Two thirds of companies around the world admit they are struggling to recruit. A survey of more than 45,000 people in 43 countries revealed that 69 per cent can’t find the staff they need, proving that talented candidates really do have their pick of the market at present. Recruitment is both a key priority and a challenge.
Another key focus for many businesses is diversity and inclusion. PwC’s global diversity and inclusion survey found that 75 per cent of organisations view D&I as a stated value or business priority. Companies aren’t just looking for highly skilled talent, they’re also searching for a mix of people from different genders, backgrounds, and ages to help bring different viewpoints to the table.
So, what changes can you make to engage a wider candidate pool?
1. Don’t blame the talent pool
This is an argument we hear a lot, and it’s one that on first inspection appears to hold some weight. Companies can sometimes attract the same type of candidate as they have done for years, and what can you do if you don’t have a diverse list of applications in the first place?
Well, quite a lot actually.
If you’re seeing the same type of candidate over and over again, there’s probably an issue with your recruitment process, or your employer brand. You need to review what you’re currently doing and proactively explore new routes to finding talent.
Companies need to be aware of what’s getting put out into the world, what language they’re using for their values, for career’s pages, for job specs, and where they’re getting candidates from. For example, all employers should be aware of how certain words and nuances can attract a particular gender – there’s software to be used to ensure that job ads are neutral in their gender. Don’t accept this excuse from a recruitment agency either – they should know how to bring you a diverse shortlist.
2. Reconsider your “must-haves”
Paying close attention to your job adverts isn’t a new bit of advice, however, there has been a post-pandemic trend that means your job descriptions probably need a revise too.
The world has really changed since March 2020, and job descriptions have gotten longer. Rather than think about the key skills they really need from candidates, many organisations have simply added to the prescribed list.
Think about each point on your job description as a barrier to entry. Some are necessary, but others are nice-to-have or even outdated. The more barriers to entry, the fewer available candidates. So, think about whether you really need someone to have a certain qualification, or specific industry experience before you post your job ads live.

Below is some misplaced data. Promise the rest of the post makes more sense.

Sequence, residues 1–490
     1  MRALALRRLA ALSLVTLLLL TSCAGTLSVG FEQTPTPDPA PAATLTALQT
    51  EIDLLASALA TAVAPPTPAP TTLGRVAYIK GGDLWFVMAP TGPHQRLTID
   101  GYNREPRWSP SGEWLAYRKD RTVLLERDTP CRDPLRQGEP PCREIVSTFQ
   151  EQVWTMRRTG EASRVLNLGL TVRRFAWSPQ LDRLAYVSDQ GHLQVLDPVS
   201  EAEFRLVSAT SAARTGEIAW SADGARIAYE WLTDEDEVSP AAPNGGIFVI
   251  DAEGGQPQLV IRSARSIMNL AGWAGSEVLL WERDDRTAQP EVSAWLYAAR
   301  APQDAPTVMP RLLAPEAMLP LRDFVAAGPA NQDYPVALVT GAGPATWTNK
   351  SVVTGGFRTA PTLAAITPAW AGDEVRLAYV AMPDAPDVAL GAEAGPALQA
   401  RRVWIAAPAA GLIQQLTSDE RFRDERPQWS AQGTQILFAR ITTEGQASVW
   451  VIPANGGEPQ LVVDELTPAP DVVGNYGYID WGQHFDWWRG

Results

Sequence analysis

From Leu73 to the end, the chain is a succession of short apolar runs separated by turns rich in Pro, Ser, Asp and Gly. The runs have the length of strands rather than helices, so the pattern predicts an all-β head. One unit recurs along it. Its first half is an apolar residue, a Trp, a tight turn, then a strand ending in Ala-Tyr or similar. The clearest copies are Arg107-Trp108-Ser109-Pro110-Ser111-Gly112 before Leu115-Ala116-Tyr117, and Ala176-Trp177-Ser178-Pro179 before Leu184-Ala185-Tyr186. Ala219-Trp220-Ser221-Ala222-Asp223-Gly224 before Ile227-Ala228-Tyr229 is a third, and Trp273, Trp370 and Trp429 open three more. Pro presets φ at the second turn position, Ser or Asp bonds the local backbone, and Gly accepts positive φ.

3. Look far and wide
We’re all a lot more accustomed to remote working these days, widening the net for employers who can work with candidates no matter where they are. Consider whether the roles you’re hiring for need to have a physical presence in your office, and if not then don’t limit yourself by geography. By saying the team can work from anywhere you open up the candidate pool hugely and remove barriers to entry.
If it is important that your candidates can come to the physical workplace then consider relocation assistance. It may seem like extra resources, but it can actually save you time and money in the long run because you can hire that much quicker.
We’re currently working with Zalando, Europe’s biggest online fashion and lifestyle platform, who do exactly this for the right candidates.
4. Make it an easy choice
Research shows that employees from underrepresented groups tend to be more loyal to their organisations than those who are overrepresented. This not only means that they’ll need more encouragement to apply, but also that they’ll need a very good reason to make the move.
This is where you need to sell yourself and your opportunity. Make sure the salary you’re offering is competitive and have a wide range of benefits that appeal to a mix of people. Think about career progression, culture, and L&D – what can the candidate get from you that they won’t get in their current role? Find out what makes them tick and do what you can to offer it to them.
Building a diverse and inclusive workplace isn’t straightforward, but it won’t happen naturally, there are things you can do with almost immediate effect to make things simpler. For more help and advice on hiring in 2022, please get in touch.